Archive for the ‘Games Consoles’ Category

The Last of Us – review – Console news

PS3; £40; Naughty Dog; 18+

Zombie game pop quiz: You’ve finally found the exit to the abandoned warehouse you’d been scavenging supplies from, but between you and freedom are four shambling infected monstrosities, all eager for tasty man-shaped snacks. How are you going to make it past without ending up as human tartare?

If this was pretty much any other recent survival horror title, the answer would be simple – reach for the trusty military grade shotgun, grenade launcher or plasma cutter as appropriate, paint the walls with rotted brains and waltz across the room, scooping up an assortment of high-powered ammunition along the way. This isn’t one of those games though, this is The Last of Us, and your arsenal right now consists of a brick and a length of drainpipe with some scissors taped to the end. Good luck, you’re going to need it.

Keeping your resources limited is just one of the many things Naughty Dog’s latest action adventure gets right – forcing you to think through your approach to every encounter while keeping the tension ratcheted up to 11 generates a level of unease that the genre feels like it’s been missing since the early Silent Hill games. It seems an obvious point that a zombie-themed game should be scary, but it’s a rare enough occurrence that here it feels fresh.

Then again, it’s an injustice to call The Last of Us a zombie game anyway. As in 28 Days Later, these creatures are infected rather than undead, and although they remain consistent antagonists throughout, this game is clearly more interested in telling a story of post-apocalyptic survival than smashing rotten heads, and it’s all the better for it.

Infectious enjoyment

That’s not to say the story spares us the usual tropes – a virulent infection has decimated the population, degenerating it’s victims into mindless ravening lunatics and bringing civilisation to its knees, pretty much exactly as it has a thousand times before across every possible media.

Significantly though, the game keeps the details of the outbreak and the disease itself deliberately vague, recognising that any attempt to explain something that’s basically pretty ridiculous is doomed to failure (Resident Evil and it’s ever expanding psuedo-scientific virus nonsense says hi). Instead, The Last of Us makes a conscious effort to focus the story on the surviving human characters and how they go about coping with the aftermath.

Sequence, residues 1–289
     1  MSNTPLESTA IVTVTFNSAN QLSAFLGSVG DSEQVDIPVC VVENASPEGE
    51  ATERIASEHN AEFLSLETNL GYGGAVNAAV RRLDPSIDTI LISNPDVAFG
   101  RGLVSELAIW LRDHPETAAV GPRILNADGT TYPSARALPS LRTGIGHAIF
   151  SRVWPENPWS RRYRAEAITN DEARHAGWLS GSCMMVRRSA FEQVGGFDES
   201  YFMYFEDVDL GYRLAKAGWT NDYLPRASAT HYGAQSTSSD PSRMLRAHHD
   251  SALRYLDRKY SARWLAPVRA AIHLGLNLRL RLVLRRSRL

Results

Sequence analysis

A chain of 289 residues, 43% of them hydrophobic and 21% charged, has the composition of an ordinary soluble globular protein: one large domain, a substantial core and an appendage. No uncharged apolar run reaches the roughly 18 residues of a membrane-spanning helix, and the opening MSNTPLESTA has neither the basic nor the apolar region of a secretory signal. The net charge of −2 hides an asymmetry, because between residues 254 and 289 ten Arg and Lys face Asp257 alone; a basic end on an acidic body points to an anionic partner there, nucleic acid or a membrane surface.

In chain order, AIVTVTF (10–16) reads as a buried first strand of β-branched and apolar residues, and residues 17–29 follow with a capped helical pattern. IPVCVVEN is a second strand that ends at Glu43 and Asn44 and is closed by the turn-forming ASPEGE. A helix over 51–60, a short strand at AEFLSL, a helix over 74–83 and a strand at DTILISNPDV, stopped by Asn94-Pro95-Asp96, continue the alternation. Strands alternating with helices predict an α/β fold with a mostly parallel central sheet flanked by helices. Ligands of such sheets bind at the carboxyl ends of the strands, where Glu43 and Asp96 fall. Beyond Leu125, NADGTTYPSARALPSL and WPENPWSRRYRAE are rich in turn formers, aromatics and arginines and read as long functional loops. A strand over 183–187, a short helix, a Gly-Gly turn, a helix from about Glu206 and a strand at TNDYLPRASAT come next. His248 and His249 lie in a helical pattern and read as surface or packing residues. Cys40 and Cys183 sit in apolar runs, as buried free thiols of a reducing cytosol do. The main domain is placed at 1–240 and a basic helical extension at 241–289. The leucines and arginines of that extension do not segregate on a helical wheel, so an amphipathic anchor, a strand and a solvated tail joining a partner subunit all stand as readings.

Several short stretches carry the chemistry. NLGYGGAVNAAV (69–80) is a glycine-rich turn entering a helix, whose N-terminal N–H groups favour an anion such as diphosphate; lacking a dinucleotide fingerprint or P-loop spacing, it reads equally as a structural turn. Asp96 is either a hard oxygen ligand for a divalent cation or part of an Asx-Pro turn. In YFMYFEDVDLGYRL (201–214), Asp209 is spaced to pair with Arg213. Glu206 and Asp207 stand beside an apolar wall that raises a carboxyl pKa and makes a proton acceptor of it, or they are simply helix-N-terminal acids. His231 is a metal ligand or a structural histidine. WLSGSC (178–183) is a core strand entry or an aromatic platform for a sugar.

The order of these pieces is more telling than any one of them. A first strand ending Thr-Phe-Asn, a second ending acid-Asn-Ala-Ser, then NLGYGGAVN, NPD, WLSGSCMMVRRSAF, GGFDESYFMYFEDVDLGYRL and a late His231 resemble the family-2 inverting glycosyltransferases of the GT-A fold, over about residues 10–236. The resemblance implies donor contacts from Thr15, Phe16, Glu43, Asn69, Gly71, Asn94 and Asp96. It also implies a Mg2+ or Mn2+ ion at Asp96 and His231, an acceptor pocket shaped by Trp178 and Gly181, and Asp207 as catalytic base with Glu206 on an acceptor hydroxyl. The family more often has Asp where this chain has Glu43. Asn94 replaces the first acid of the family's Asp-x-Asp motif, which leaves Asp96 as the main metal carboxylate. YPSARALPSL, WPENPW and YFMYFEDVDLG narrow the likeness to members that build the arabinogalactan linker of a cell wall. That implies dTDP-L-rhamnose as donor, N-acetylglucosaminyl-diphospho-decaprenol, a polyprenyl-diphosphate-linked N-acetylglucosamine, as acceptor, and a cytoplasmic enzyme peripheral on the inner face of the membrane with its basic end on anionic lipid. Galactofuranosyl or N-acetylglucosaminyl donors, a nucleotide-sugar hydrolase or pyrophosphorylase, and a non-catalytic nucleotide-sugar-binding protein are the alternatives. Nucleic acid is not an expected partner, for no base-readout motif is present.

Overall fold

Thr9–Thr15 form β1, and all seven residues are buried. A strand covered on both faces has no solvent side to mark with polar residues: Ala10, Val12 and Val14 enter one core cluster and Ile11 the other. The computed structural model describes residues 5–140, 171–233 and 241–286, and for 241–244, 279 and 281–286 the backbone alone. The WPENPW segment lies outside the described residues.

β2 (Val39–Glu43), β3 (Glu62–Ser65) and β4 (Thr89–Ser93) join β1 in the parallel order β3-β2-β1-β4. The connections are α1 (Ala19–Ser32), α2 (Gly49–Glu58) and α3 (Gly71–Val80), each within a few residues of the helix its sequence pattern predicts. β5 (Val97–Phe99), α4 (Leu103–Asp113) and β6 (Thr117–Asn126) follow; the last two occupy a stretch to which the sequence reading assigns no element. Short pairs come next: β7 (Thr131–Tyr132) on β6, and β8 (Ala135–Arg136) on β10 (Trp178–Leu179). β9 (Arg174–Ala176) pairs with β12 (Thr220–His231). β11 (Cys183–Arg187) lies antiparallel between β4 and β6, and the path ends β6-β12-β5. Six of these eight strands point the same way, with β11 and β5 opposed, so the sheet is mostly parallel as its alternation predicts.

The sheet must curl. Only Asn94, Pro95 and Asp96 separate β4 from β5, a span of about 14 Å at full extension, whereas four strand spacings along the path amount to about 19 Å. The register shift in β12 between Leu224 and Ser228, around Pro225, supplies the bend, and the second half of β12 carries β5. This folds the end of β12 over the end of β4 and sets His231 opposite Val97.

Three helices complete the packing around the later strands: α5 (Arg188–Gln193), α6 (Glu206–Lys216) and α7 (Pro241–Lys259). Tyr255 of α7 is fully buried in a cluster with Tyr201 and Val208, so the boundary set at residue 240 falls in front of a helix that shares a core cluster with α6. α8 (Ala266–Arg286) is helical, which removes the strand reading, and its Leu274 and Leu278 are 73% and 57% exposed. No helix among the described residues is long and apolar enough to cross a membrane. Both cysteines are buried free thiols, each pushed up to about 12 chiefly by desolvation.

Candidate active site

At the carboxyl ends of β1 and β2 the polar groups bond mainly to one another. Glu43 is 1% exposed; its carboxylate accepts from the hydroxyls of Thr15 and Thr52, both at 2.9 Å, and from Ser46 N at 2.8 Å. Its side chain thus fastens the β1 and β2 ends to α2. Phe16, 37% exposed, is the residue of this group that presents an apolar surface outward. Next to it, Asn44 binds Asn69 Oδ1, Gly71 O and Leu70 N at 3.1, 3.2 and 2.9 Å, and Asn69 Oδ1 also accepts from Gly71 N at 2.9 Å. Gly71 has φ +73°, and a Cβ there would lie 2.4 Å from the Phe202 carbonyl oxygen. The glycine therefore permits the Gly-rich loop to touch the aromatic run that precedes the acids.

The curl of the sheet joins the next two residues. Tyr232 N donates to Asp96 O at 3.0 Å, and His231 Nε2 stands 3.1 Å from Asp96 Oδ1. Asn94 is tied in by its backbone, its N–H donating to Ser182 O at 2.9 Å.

It’s a good call, and coupled with the high-quality production, both visually and from the voice cast, makes for a compelling tale.

Starting with a brief prologue which introduces protagonist Joel during the first panicked moments of the outbreak, the game then flashes forward 20 years to a devastated America where the remnants of the population eke out a living in oppressive militarised quarantine zones. For reasons I don’t want to spoil here, the now bitter and grizzled Joel grudgingly takes on a mission to escort the fourteen year old Ellie across the bandit and monster riddled country, and the rest of the game chronicles their journey.

I know it doesn’t sound like much, but it wouldn’t be right to go into too much detail, as the story is definitely something you’ll to want to experience for yourself – The growing relationship between the two main characters as they travel from one dangerous situation to the next is a pleasure to follow, and the interplay of Joel’s tired cynicism against Ellie’s naïve enthusiasm and determination makes for a solid narrative device. Add in a well fleshed out supporting cast, from fellow struggling survivors to some deeply unpleasant and unsettling villains, and you’ll soon start to care when bad things happen to these people.

And bad things will happen. The Last of Us doesn’t pull any punches letting you know just how bleak its world really is, in both story and gameplay. Quite aside from the bloodthirsty infected tearing people to pieces, Joel and Ellie are prepared to go to extreme lengths to stay alive, and even though the game manages to make caving in a bandits face with a brick feel desperate and necessary rather than voyeuristic, some of the later set-pieces are likely to garner at least a raised eyebrow from even the most jaded gorehounds. It’s definitely not one for the kids, unless you’ve a particular desire to see them spend the rest of their lives in therapy.